The 2013 tennis season was a sub-standard one in many ways for Roger Federer. With a 45-17 match record and only one title, it was by far his worst season in many years. Having failed to reach the quarter finals of a Grand Slam for the first time in 37 appearances after losing to Sergei Stakhovsky in the 2nd Round at Wimbledon, Federer then went on to lose in straight sets to Tommy Robredo at the US Open. He finished the year ranked No. 6 in the world, his lowest since 2003.

All that put together makes for extremely sad reading for any Federer fan. But every cloud has a silver lining – I present three positives that Roger Federer can take from this season:

1. His attitude

The first positive thing about Roger Federer this year was that he was very positive – there wasn’t a moment of self-doubt. People were very quick to throw criticism his way – the usual ‘slower reflexes, sluggish movement, slower serve, should retire’ nonsense – but he never doubted himself. He described his losses as bad days at the office – ones in which he was not able to pull out the shots when he wanted them; but he never once doubted that he had lost those shots forever. His forehand is still his best weapon along with his serve, it is just that he wasn’t as consistent as he once was. Federer accepts that, and has said that he will train hard during the off-season to make up for the inevitable effect of age on his body – that is the mark of a true champion, being a student of the game even after achieving everything there is to achieve.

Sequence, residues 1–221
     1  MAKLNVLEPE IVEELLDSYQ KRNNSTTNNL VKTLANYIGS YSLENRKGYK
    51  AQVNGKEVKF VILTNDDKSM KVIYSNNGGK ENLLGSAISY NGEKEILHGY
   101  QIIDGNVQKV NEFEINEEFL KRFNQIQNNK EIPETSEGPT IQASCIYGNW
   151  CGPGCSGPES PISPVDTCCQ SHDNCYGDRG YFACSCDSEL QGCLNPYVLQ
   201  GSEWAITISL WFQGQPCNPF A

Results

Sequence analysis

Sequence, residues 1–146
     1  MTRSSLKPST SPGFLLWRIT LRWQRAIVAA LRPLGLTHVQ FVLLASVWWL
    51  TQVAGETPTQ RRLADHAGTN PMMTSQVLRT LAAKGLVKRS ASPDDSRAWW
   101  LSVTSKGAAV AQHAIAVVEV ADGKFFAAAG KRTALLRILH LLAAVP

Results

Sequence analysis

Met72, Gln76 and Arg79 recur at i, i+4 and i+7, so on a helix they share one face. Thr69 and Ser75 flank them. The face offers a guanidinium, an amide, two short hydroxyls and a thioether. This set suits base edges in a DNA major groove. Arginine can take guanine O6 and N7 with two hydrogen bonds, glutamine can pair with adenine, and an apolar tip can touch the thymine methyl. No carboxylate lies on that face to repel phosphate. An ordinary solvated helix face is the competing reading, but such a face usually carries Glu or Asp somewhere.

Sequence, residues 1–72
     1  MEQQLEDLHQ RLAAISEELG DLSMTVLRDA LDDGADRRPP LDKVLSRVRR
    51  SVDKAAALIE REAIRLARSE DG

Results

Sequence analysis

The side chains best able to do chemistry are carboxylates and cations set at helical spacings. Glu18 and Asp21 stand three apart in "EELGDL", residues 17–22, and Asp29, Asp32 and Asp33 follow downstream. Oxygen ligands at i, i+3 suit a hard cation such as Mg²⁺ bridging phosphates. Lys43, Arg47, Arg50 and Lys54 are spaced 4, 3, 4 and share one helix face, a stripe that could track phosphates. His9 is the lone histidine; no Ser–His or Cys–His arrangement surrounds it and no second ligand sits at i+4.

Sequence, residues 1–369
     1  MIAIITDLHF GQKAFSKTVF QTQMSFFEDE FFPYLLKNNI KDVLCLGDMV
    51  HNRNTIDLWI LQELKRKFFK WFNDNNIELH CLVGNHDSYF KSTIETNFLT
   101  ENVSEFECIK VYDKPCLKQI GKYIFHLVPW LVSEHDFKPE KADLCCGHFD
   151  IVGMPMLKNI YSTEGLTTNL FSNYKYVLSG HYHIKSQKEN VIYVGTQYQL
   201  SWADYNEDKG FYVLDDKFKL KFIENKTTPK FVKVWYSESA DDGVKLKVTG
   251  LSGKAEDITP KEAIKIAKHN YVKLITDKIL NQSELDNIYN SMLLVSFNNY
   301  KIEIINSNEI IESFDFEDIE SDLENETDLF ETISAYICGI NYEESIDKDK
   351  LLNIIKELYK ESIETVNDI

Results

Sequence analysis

2. His endurance

This season was the first one for Roger in which he had to deal with a persistent injury – his back which had given him real trouble in the period following Wimbledon. His losses to Daniel Brands and Federico Delbonis – not household names, by any stretch of imagination – can be largely credited to his back problems along with the racquet change that he tried in the middle of the season. While it is easy to say in hindsight that his racquet change was ill-timed, many of his fans (including myself) felt like it was the right move at the time – he was in a bad patch of form and needed something drastic. Even after injury problems, his season-ending run was a real testament to his physical fitness – he played many three-setters in three straight weeks and wasn’t fazed at the end of it all. To quote the man himself,